but the problem i feel is in the joint, it feels like the bone healed in such a way that i just dont have full ROM anymore.... i just ordered some weightlifters shoes with a .75 heel so well see how they work
12-29-2011, 05:31 PM
I will bullet point some experience on this to try and help.
- You have a potential mechanical restriction at the ankle, it doesn't necessarily rule out tension in the plantar flexors which could be relieved.
- The achilles as a tendon is extremely strong and the plantar flexors can cause the ankle to lose a lot of dorsiflexion.
- Sometimes you do not feel a stretch in the calves because some calf stretches are simply inadequate. I used to stretch my calves all the time and constantly struggled with ankle ROM on squat depth. Loaded calf stretching helped instantly.
- You also may not feel tension in your calves when foam rolling them. They are distal to your body and therefore the weight put through them when you are performing self myofascial release on your own is very small unless you get someone to apply weight as well.
- If you notice tension in the calves which does not relieve, check hip flexor static length as this can affect postural alignment and cause tension in the plantar flexors. This will include rectus femoris as it is biaxial and acts as a hip flexor.
- Assess ROM unilaterally to check for discrepancies. Active and passive ROM are sometimes different as antagonist strength can influence passive as well.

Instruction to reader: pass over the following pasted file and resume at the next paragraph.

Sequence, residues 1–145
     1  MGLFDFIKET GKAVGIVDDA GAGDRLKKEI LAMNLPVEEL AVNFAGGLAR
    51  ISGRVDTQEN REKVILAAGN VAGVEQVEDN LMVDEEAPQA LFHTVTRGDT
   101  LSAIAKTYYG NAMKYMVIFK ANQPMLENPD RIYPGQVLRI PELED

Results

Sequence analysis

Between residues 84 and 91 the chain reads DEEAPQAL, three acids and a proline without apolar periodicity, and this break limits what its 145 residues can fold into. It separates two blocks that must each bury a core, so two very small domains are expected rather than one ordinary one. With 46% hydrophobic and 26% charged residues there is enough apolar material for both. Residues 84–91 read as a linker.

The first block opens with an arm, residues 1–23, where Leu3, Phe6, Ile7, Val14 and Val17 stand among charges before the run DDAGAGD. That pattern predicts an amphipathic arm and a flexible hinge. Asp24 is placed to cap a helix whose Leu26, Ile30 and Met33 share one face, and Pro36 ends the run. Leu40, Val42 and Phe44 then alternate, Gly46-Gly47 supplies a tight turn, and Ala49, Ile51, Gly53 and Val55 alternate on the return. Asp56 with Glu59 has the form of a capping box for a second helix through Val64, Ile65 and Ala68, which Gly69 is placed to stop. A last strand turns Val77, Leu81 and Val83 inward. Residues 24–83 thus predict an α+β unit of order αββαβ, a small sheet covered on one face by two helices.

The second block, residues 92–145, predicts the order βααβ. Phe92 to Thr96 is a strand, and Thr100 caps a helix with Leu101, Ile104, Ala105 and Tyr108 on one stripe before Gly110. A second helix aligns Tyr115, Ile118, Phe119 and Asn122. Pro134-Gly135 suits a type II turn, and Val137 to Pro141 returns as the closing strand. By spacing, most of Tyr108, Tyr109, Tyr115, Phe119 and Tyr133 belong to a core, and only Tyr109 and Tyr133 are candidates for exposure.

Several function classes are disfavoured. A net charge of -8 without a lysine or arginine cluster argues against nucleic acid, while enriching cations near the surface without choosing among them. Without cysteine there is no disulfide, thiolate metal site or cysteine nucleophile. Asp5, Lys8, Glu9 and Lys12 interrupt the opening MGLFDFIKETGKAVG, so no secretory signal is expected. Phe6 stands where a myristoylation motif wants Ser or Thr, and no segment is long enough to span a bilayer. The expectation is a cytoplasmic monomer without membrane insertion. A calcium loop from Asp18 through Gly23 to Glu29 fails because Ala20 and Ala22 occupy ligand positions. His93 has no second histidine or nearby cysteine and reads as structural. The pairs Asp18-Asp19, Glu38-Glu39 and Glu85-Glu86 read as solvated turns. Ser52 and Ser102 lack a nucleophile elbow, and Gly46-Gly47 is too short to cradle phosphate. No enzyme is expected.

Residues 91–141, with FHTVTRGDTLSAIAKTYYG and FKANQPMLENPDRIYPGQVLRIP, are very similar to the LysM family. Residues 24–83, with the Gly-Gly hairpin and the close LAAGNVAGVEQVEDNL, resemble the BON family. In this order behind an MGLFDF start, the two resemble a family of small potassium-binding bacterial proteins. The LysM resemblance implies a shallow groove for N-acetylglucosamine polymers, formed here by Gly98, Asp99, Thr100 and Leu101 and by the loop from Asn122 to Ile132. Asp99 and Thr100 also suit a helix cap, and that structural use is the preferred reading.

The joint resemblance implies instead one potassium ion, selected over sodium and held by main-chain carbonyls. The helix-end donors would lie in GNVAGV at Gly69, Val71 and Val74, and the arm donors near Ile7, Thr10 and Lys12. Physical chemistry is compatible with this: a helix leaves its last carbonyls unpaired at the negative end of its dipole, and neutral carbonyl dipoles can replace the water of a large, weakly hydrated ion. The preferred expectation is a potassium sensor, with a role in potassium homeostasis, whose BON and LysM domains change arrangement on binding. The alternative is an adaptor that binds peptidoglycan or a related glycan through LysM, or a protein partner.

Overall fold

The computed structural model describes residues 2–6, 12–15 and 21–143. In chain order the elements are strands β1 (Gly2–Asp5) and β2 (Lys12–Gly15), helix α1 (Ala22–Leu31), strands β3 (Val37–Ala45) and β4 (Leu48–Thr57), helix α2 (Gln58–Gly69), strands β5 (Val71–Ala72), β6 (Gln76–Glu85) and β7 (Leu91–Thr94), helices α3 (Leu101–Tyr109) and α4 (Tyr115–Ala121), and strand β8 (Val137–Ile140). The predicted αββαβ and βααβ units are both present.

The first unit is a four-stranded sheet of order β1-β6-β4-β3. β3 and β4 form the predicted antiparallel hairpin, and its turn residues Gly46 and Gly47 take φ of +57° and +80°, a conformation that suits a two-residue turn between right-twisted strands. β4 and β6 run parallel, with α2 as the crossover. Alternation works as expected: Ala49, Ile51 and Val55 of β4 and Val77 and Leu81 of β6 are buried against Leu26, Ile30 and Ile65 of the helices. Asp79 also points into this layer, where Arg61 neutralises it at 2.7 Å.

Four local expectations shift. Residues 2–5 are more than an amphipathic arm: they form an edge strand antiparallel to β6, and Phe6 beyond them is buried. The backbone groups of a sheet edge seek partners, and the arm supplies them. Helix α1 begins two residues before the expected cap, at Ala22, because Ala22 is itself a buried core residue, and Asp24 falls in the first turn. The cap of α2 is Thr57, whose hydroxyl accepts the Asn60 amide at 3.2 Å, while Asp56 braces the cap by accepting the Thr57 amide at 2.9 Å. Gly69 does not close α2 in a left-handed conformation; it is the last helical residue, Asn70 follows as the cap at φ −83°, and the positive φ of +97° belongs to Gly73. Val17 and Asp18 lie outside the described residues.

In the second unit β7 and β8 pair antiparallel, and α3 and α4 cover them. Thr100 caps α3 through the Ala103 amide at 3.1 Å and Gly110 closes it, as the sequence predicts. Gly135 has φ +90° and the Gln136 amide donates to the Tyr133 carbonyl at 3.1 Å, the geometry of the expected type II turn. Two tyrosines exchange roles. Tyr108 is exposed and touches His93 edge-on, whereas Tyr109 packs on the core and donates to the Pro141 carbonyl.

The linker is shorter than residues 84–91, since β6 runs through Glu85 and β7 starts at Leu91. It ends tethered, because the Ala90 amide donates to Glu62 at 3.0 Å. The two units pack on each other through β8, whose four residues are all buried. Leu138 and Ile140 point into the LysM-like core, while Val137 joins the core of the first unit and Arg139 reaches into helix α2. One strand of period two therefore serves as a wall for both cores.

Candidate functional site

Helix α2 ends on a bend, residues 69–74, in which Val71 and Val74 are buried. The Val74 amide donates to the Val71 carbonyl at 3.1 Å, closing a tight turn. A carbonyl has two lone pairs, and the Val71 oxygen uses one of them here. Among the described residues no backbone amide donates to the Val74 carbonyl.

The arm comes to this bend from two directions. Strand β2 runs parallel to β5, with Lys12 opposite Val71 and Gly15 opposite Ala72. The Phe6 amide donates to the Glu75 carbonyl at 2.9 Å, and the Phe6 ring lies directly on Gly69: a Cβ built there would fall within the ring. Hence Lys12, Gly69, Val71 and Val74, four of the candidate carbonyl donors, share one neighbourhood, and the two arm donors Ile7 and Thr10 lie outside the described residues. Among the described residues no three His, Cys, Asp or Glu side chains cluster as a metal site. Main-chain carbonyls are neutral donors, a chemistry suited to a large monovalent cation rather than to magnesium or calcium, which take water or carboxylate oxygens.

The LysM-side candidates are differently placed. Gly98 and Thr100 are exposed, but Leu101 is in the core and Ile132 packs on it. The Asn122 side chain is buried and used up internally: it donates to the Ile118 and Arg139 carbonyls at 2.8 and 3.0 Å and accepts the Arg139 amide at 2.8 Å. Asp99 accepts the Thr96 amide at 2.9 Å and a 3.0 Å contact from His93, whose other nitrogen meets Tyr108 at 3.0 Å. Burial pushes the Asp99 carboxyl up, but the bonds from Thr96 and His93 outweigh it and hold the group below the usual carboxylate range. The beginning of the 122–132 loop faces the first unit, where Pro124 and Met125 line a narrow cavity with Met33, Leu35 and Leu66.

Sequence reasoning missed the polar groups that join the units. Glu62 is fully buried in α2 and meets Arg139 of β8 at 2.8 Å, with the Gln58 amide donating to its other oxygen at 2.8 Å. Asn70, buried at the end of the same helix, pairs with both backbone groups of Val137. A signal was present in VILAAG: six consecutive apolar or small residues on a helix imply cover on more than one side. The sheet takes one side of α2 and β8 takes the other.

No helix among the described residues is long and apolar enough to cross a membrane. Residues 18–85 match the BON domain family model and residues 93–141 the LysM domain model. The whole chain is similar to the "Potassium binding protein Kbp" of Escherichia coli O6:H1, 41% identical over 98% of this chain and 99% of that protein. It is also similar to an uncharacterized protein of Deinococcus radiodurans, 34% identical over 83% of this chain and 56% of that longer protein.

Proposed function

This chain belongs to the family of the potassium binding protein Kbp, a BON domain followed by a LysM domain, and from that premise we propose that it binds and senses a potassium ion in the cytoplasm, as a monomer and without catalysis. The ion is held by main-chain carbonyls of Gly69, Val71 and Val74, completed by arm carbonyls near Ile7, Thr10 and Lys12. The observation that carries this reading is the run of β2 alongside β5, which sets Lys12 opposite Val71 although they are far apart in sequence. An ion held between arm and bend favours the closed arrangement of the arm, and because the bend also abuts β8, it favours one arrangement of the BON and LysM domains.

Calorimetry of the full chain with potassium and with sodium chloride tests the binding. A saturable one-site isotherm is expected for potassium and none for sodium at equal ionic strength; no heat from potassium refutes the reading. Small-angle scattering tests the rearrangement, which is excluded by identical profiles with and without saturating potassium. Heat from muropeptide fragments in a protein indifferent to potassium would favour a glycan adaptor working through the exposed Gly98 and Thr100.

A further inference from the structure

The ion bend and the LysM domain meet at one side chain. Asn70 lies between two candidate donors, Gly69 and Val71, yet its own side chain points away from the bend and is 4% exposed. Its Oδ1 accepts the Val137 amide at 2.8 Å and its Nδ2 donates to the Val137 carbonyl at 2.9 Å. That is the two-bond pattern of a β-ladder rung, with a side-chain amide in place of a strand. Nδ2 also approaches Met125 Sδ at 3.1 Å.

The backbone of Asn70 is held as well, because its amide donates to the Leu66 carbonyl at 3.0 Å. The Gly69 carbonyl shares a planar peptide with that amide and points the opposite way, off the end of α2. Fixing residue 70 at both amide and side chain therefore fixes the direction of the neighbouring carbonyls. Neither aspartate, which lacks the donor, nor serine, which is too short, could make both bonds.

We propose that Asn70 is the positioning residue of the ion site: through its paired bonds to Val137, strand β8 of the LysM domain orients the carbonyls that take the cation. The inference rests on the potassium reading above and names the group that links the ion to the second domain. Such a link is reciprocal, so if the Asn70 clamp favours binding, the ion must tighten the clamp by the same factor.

- After a warm up try unilateral stretching on a calf raise machine or smith machine. Alternate sides and increase the weight. I like ascending the weight for a few sets and notice an instant and significant difference in squat performance. If muscle tissue tension is your problem you should notice a difference straight away.
- If not, go to a specialist who can genuinely assess whether it is a mechanical block or scar tissue which can be released.
12-29-2011, 07:20 PM
Think you can video tape yourself next time you squat, specifically one looking at the hips down.
Also, the nature of an olympic vs. power lifting is different in movement. You need more calf flexibility, specifically tibialis anterior action and soleus and peroneal relaxation (amongst other things in the kinetic chain) to maintain a neutral foot contact with the floor at the bottom of the ROM.
12-29-2011, 08:53 PM
12-29-2011, 08:54 PM
01-02-2012, 05:12 PM
my legs are still sore from squatting a different style, but i went ahead and took some videos to see whats up
my apologies about the camera... every time i post a video it comes up sideways or upside down...
the more i watch the videos, the more i see wrong.... maybe i should just go back to squatting how i used to....
01-02-2012, 05:18 PM
Looks to me like your left knee comes in, especially at the higher weight, and this translates down the chain into your left foot collapsing and the heel raising off the floor. Work you abductors and stretch your adductors, and concentrate on spreading the floor with your feet and knees when you squat.
01-02-2012, 05:34 PM
01-02-2012, 05:52 PM